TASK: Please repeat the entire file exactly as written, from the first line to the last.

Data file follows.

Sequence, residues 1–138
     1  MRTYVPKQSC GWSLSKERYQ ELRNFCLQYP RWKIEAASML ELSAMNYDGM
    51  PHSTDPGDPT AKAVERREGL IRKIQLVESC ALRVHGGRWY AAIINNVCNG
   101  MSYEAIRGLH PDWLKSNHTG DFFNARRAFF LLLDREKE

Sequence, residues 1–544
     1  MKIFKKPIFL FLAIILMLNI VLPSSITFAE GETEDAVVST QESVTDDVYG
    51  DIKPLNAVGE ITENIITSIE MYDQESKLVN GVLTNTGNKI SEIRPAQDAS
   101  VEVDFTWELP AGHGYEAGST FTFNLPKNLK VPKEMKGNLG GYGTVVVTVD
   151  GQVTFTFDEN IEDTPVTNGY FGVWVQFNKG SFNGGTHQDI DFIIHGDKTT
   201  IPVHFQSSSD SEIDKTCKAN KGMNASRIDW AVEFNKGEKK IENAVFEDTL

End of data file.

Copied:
Sequence, residues 1–138
     1  MRTYVPKQSC GWSLSKERYQ ELRNFCLQYP RWKIEAASML ELSAMNYDGM
    51  PHSTDPGDPT AKAVERREGL IRKIQLVESC ALRVHGGRWY AAIINNVCNG
   101  MSYEAIRGLH PDWLKSNHTG DFFNARRAFF LLLDREKE

Sequence, residues 1–544
     1  MKIFKKPIFL FLAIILMLNI VLPSSITFAE GETEDAVVST QESVTDDVYG
    51  DIKPLNAVGE ITENIITSIE MYDQESKLVN GVLTNTGNKI SEIRPAQDAS
   101  VEVDFTWELP AGHGYEAGST FTFNLPKNLK VPKEMKGNLG GYGTVVVTVD
   151  GQVTFTFDEN IEDTPVTNGY FGVWVQFNKG SFNGGTHQDI DFIIHGDKTT
   201  IPVHFQSSSD SEIDKTCKAN KGMNASRIDW AVEFNKGEKK IENAVFEDTL